It is the economics story of the year. Maybe of the decade. We
finally have a balanced budget in Washington. The last time Congress
balanced the budget was the fiscal year 1969 when LBJ was still in
the White House. Since then weíve accumulated more than $4 trillion
of national debt.
So this is a story of momentous accomplishment. But itís also a
story that has been generally botched by the media. How did we get
to a balanced budget? Whoís really responsible?
Most of the TV and print news stories on the balanced budget over
the past six months have assigned the credit to the 1990 and 1993
budget deals ó especially the big tax increases. Thus George Bush
and Bill Clinton allegedly are the heroes of this story. Last summer
when the news first broke that we would have a balanced budget this
year, The New York Times gushed that although Clinton
deserves most of the praise for raising taxes in 1993, "George Bush
was really the man who risked the most and paid the biggest price
for cutting the deficit."
A February NPR story stated that the deficit skyrocketed in the
1980s because of Ronald Reaganís unaffordable tax cuts, but the red
ink was cured by a series of heroic tax hikes in the 1990s. CNNís
Bill Schneider reported that "President Bush, the Democratic
Congress, failed candidates for president [like Walter Mondale] ó
they are the unsung heroes of the balanced budget."
With "Taps" music playing in the background and patriotic visuals
of the Washington Monument, Schneider made a tribute to the two
Senate Democrats and 34 House Democrats who "stuck their necks out"
and voted for Bill Clintonís 1993 tax increase.
This is certainly a heartwarming story of political courage,
unfortunately, itís contradicted by the fiscal facts. These stories
only perpetuate four common myths about the budget that careful
reporters should avoid repeating.
Myth 1: The Reagan tax cuts caused the deficits while the 1990
and 1993 tax hikes helped balance the budget. In the 1980s
federal tax receipts doubled from $517 billion to $1,031 billion. As
I reported in The Wall Street Journal last summer, in the
seven years following the Reagan tax cuts (1982-1989), total federal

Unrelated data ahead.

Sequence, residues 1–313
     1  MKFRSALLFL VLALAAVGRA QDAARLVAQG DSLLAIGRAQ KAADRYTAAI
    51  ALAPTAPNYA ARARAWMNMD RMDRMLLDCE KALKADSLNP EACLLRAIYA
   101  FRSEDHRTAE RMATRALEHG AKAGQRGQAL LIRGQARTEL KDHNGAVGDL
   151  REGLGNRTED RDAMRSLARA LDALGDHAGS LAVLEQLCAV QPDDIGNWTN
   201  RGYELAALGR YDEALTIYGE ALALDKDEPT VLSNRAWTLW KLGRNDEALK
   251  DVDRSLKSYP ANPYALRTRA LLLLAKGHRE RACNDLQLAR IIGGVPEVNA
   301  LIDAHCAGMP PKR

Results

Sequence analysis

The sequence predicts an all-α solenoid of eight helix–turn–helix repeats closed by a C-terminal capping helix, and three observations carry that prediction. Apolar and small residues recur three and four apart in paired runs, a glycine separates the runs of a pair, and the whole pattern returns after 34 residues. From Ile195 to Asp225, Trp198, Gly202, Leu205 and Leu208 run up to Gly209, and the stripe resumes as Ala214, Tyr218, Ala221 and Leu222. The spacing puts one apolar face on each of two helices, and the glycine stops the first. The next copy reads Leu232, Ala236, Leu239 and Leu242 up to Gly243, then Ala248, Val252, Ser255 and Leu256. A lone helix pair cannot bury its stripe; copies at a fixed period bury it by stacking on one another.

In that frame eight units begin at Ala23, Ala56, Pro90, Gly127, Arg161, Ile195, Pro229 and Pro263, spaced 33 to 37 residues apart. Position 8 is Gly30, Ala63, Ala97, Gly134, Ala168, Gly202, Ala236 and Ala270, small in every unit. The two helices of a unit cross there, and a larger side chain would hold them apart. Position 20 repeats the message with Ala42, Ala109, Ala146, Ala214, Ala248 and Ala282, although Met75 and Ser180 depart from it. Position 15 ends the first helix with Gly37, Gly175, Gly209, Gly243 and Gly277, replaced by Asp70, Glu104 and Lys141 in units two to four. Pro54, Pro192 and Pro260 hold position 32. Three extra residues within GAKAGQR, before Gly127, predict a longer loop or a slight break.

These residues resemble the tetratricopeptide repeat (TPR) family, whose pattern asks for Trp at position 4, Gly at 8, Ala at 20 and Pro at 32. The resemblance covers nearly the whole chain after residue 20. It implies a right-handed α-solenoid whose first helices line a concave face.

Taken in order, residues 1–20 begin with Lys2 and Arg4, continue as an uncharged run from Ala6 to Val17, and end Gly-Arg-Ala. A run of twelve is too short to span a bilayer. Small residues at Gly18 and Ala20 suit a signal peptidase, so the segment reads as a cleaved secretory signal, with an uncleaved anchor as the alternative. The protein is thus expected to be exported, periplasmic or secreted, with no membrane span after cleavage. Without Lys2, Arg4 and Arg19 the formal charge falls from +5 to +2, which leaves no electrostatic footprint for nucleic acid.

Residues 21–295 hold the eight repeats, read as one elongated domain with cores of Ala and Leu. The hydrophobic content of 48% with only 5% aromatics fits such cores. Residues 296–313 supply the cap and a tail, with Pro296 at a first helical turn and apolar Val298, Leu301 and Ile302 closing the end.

revenues adjusted for inflation grew at almost precisely the same
pace (24.1 percent) as they did in the seven years (1990-1997)
following the Bush-Clinton tax hikes (24.9 percent). In other words,
the two huge tax increases did not produce significantly different
rates of growth of revenues than did the Reagan tax cuts.
Myth 2: Clintonís 1993 budget set the federal government on the
track to a balanced budget. The real turning point in the
deficit was not in 1993, but in 1995. In March of 1995, the
Congressional Budget Office predicted that the budget deficit would
be $200 billion a year ó for as far as the eye could see. This was
the Clintonomics baseline. Since the GOP took over Congress in 1995
the deficit has been cut by an aggregate $512 billion from this
Clintonomics baseline. Few news stories have given any credit to
Newt Gingrich or the Republican Congress for the balanced budget,
even though the budget deficit stood at $203 billion the year they
took control of Congress.
Myth 3: Reaganís policies caused the deficit, but had nothing to
do with ending the era of red ink. The escalation of the
budget deficit in the early and mid-1980s was primarily a result of
the Reagan military buildup and expanding entitlement programs. But
just as the deficit rose in the 1980s to finance the military
expansion, the deficit has shrunk to zero in the 1990s primarily
because of the peace-dividend from Reaganís Cold War victory.
Since 1987, military spending has fallen by three percent of GDP
ó precisely the amount the deficit has fallen as a share of GDP. If
Reaganís policies deserve the blame for causing the deficit in the
1980s, then they deserve equal credit for ending it in the 1990s.
Incredibly, few reporters have even mentioned the shrinking military
budget in balanced-budget stories this year.
Myth 4: Balancing the budget has come at the cost of neglecting
important social programs. A recurring theme of many budget
stories of 1998 has been that now that the budget is balanced,
neglected social needs can again be a priority. This is the
so-called "social investment deficit." Itís a farce. From 1987 to
1998, real domestic federal spending has soared by $328 billion,
from $832 billion to $1,160 billion. This is a 39 percent increase
in spending after inflation.
I am convinced that most of the misinformation on the budget
spread by the media is a result of reporters neglecting to check the
actual budget numbers and trends to validate their stories. Every
year the Office of Management and Budget puts out a publication
called Historical Tables of the U.S. Budget that contains a gold
mine of basic data needed for almost any fiscal-related news story.
In fact, every statistic in this MediaNomics report
comes from that official document.
In fact, if you donít believe me, I urge you to look them up
Stephen Moore is director of fiscal policy studies at the
Cato Institute (www.cato.org).